Those students that were a little “too cool” at the beginning tried really hard not to smile, but by this point, we have broken through their comfort zone. The game is completed to find a single winner. The class has a final discussion about how learning financial “stuff” is pretty easy and can actually be FUN!

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Credit Worthiness

Being Honest About Your Money Habits

April is national financial literacy month and a perfect time to evaluate our money habits and to make sure we are putting our best foot forward in teaching our kids good money habits.

When I was young, I remember my parents responding to my asking for something with the phrase, “We don’t have the money.” I would then see them writing a check or swiping a credit card to buy something else. It seemed odd to me and made me feel like they weren’t telling me the truth.

Parents have a tendency to think they are protecting their kids by shielding them from money issues, but the reality is that if we are honest about our mistakes as well as our triumphs, they will learn better money habits. If they aren’t learning it from us (parents), they will be learning it from their friends!!

As my kids started asking for things (middle school age), I would respond with, “I have the money to buy that, but that’s not how I want to spend it.” We would then have the discussion that if they wanted those things they needed to figure out how to earn the money to get them. Now that my two are 20 and 22, they are in college, living independently and figuring out how to get the things they want while I focus on saving for my retirement. It is a great feeling when parents and kids can share in the pride of the other’s accomplishments.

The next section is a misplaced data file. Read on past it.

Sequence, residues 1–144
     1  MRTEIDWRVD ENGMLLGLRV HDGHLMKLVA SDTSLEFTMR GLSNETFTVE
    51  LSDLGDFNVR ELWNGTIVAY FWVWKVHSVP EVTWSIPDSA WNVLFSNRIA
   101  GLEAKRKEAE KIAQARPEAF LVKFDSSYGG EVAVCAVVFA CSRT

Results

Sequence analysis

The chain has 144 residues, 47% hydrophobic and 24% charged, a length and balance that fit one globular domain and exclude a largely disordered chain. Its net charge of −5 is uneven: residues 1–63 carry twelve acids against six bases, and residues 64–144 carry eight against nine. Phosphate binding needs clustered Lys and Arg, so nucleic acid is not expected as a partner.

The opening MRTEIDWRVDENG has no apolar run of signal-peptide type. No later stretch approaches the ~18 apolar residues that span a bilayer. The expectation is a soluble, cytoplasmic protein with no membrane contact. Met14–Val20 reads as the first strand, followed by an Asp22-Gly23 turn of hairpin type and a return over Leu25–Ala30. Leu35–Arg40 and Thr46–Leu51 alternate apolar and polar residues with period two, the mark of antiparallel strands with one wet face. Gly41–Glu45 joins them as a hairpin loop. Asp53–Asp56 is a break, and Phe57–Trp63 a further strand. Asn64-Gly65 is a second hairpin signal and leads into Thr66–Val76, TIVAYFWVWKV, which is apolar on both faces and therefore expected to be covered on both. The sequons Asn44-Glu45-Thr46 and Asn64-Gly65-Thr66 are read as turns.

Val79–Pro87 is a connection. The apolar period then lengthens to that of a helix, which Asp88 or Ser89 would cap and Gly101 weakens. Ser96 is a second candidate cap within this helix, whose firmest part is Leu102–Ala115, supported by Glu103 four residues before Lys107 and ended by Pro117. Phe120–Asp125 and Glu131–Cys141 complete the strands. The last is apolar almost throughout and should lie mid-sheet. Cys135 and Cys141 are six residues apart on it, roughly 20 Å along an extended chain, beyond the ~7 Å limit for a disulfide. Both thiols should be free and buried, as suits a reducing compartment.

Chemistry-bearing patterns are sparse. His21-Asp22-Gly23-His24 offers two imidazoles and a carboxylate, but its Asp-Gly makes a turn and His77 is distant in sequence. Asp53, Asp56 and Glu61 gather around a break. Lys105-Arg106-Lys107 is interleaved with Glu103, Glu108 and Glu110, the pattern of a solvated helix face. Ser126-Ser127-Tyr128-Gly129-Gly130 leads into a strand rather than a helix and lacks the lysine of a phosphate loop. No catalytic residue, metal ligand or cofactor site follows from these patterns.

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Teaching your kids to Save – The right way!!

Teaching your kids to Save – The right way!!

During a class one day, I asked the students who earned money and how they spent it. One of the students said, “I earn money, but my mom takes it from me.” At first, I felt so sorry for this young middle schooler but then I realized that it might be that mom was taking it to put it in a savings account. The lesson here is you aren’t’ teaching your student anything by forcing them to save in comparison to teaching your kids to save in the right way.

Don’t force your kids to save a certain percentage of their money. So many parents do and unfortunately, when the student gets access to the account they spend it faster than you can blink an eye. Encourage them to build assets instead of saving for something that will have no future value (the video game or a pair of shoes). Open a custodial brokerage account with your student. Consider matching what they save as long as they leave it alone to grow. They can easily put $100 in an account that has no minimum required and no annual fees to purchase a share or two of a company they know. The kids I see that have investments are proud that they own a share of such a well-known company and they want to save more. This makes it their choice, not yours and starts them on the path of building better habits.